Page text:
Sorting Out A Transition Plan for Your ChildNovember 17th, 2014
Let’s call my son Johnny. He has a neurological impairment and is ambulatory and impressively articulate. These are my views and perceptions as his mother. I hope the points that I will highlight will resonate with readers. I also hope that some of you will be motivated and proactive in not only making a transition plan but making that plan a reality that is sustainable and seek guardianship, before your child reaches the age of majority if appropriate.
We live in a great school district in Westchester County. My son had had a number of medical interventions and we had a relatively sound understanding of our challenges. Yes, we all know that each child is different and has different needs. My son moved up in grades, followed the Regents track, though he was always in special education classes.
In high school, it all came crashing down and it became apparent to everyone that a Regents diploma was not going to become a reality (for him).
Despite the fact that he had a transition plan and even a transition coordinator set in place in our district, Johnny was no longer interested. As of 11th grade, my son did not want to go to school anymore, thinking it was a huge waste of his time. His CSE agreed that if he didn’t want to attend school there was no way to force him. At that juncture and to my dismay, he was over 18, guardian- less, and therefore emancipated and able legally to make his own decisions about life. Legally, I learned that few options exist for parents to exercise control and supervision over a child after he or she turns 18, whether a child is in school or not. Johnny had not, in the true legal sense of the word, transitioned out of school nor had he transitioned into anything else.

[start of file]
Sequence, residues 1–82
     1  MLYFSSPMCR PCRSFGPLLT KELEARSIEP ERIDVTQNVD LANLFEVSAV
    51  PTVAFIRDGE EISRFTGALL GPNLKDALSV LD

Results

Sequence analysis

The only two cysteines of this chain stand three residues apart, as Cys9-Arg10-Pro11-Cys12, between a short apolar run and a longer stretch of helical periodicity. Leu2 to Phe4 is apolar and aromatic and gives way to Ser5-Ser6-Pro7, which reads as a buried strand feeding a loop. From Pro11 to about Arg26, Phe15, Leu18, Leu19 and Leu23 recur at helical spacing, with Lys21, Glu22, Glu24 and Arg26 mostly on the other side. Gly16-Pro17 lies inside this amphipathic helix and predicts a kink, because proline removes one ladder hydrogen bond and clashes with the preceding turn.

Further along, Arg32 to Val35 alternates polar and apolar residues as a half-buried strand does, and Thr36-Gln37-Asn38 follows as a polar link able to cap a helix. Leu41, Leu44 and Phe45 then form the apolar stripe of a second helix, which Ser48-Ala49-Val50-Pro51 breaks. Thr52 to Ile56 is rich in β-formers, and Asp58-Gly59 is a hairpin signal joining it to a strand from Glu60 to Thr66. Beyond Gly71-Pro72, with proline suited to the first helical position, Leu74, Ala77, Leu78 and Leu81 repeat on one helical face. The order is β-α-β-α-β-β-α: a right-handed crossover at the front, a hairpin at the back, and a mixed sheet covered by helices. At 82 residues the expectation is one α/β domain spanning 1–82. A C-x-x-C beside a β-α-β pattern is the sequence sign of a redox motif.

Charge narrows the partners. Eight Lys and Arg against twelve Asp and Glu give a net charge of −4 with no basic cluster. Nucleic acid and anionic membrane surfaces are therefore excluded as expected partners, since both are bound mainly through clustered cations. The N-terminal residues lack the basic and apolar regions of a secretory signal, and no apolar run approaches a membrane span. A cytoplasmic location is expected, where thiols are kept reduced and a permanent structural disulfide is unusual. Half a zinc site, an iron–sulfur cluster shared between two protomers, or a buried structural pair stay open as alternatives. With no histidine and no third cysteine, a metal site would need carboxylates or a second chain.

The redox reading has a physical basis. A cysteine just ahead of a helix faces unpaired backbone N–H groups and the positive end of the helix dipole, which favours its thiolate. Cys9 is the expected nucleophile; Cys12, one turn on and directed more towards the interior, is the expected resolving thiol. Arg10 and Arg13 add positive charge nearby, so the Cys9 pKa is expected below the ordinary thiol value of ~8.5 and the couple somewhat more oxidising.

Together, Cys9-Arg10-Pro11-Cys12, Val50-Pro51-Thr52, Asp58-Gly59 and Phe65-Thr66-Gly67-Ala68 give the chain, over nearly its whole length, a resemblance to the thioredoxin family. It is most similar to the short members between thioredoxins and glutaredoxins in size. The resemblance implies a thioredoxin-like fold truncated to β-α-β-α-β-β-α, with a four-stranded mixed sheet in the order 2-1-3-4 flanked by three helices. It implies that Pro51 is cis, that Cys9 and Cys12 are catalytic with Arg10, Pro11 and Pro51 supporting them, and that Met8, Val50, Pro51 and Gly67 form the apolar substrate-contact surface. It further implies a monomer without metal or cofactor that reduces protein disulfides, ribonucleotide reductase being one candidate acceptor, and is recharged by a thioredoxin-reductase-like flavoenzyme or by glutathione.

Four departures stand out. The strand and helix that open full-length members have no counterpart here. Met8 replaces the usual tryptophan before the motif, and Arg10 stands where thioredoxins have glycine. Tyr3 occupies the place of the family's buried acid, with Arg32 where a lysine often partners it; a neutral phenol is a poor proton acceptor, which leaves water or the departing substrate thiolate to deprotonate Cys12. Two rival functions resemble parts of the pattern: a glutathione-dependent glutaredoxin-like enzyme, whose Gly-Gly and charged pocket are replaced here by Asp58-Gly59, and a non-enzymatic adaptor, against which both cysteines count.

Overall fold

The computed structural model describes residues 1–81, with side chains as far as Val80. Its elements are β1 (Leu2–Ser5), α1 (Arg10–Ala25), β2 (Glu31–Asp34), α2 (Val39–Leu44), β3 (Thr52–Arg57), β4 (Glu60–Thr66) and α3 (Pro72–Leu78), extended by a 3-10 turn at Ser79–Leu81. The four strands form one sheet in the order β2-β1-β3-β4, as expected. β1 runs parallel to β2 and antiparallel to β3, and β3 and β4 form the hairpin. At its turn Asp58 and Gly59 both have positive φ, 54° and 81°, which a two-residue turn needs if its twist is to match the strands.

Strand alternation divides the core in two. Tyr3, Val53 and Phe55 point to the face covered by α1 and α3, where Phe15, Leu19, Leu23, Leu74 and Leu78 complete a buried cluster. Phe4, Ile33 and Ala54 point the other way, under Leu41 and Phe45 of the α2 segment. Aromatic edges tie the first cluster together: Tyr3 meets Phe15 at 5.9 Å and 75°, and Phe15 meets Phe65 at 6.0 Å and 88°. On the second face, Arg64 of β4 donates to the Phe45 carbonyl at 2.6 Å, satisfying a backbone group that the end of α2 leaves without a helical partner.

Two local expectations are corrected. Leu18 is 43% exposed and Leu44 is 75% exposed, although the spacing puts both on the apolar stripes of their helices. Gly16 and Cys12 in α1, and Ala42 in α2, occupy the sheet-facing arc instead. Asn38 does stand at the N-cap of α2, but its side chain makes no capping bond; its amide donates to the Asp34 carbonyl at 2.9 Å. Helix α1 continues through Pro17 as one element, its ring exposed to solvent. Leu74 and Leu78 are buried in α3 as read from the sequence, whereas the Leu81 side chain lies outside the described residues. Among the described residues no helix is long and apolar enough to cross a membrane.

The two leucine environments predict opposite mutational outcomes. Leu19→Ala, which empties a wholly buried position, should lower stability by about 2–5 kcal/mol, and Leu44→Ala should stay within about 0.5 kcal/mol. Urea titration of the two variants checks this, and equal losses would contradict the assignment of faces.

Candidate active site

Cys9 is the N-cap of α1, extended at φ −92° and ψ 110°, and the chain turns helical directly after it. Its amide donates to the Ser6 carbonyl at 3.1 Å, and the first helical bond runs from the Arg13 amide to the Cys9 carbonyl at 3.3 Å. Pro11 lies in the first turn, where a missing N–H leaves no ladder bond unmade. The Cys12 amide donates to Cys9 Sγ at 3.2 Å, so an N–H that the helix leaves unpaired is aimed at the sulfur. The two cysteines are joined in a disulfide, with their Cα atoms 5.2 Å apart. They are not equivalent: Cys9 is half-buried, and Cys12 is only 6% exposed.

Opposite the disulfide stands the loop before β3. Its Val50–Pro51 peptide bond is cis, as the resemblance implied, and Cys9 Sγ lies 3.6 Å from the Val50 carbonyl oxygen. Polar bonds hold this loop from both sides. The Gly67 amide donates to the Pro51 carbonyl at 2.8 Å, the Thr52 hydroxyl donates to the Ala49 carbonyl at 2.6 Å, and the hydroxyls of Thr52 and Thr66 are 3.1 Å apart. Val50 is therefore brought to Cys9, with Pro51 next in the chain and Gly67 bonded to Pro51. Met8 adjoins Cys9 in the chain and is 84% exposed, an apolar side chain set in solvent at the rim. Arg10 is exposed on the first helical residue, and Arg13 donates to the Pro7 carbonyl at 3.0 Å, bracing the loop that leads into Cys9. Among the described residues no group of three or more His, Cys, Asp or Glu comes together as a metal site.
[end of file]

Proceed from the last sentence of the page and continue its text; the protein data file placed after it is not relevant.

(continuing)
He became more and more out of sync with so many and so much. I watched him, helplessly, as he sat around, slept, played video games, watched TV and frequented CVS to buy candy. This went on for over two years.
I tried many different courses of action: I called adult protective services, the police, the pediatrician, and the neurologist. I cried to friends and family members. I even called Mental Health Association (MHA), who told me in writing that if Johnny wasn’t a threat to himself or to others, they could not do a thing to help me.
What was my problem? My child, a young adult now, was sinking: disengaged, with challenges no meaningful pursuits and no high school degree. My other children, Johnny’s siblings, were progressing. We all felt aggrieved, irritated, frustrated and distressed.
I could find no one, nowhere, no how to help me and Johnny!
There were a number of contributing factors to our rough patch:
1. In as much as he was motivated, he always felt as if he had been pulled down. He was never fully accepting of his own challenges albeit he was extremely knowledgeable of his interventions.
2. I (his mother), had not fully understood that money cannot buy a young adult with a disability services.